Born Thomson William Gunn, Thom Gunn grew up in the London suburb of Hampstead Heath, “forever grateful” that he was “raised in no religion at all.” During the Blitz, he read John Keats, Alfred, Lord Tennyson, and George Meredith, who have all influenced his verse in various ways. His parents—both journalists, although his mother had stopped working before his birth—were divorced when he was eight or nine. After two years in the British army, Gunn went to Paris to work in the offices of the Metro. He attended Trinity College, University of Cambridge, during the early 1950’s; there he attended the lectures of F. R. Leavis and began to write poetry in earnest, publishing his first book, Fighting Terms, in 1954, while still an undergraduate. He worked briefly on the magazine Granta and, as president of the English Club, met and introduced Angus Wilson, Henry Green, Dylan Thomas, and William Empson, among others. Here he also became a pacifist, flirted with socialism, hitchhiked through France during a summer vacation, and met Mike Kitay, his American companion, who influenced his decision to move to the United States.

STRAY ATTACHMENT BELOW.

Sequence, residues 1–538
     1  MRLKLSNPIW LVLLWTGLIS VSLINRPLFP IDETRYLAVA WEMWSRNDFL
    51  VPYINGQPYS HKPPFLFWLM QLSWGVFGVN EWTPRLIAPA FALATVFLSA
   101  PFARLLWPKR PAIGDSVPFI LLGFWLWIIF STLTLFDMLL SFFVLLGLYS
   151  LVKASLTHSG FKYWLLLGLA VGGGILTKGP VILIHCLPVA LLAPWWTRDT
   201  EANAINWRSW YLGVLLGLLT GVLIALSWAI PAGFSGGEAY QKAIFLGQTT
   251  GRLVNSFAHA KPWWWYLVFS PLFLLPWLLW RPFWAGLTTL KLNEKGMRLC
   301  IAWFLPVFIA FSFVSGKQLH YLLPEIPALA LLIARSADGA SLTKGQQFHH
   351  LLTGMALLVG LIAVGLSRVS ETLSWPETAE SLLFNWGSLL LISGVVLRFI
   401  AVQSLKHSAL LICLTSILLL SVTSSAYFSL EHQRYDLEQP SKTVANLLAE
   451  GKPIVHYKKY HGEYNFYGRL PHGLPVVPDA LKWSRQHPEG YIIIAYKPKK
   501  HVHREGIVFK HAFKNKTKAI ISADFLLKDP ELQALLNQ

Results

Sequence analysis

After graduation, Gunn spent a brief period in Rome and Paris. At the suggestion of the American poet Donald Hall, Gunn applied for and won a creative writing fellowship to Stanford University, where he studied with the formalist poet and critic Yvor Winters. After a short teaching stint in San Antonio, Texas, where he first rode a motorcycle (“for about a month”), heard Elvis Presley’s songs, and saw James Dean’s movies, Gunn accepted an offer to teach at the University of California, Berkeley, in 1958.
Gunn returned to London for a year (1964-1965) just as the Beatles burst on the scene. Back in San Francisco, he gave up tenure in 1966, only a year after it was granted, and immersed himself in the psychedelic and sexual revolution of the late 1960’s. While teaching at Princeton University in 1970, Gunn lived in Greenwich Village when the first art galleries began to appear in SoHo. He moved to San Francisco and began his tenure at University of California, Berkeley, first as a lecturer and then, beginning in 1973, as an associate professor of English. He continued to teach on a part-time basis to allow him, as he says, to write relatively unfettered by academic demands. Gunn died in San Francisco on April 25, 2004.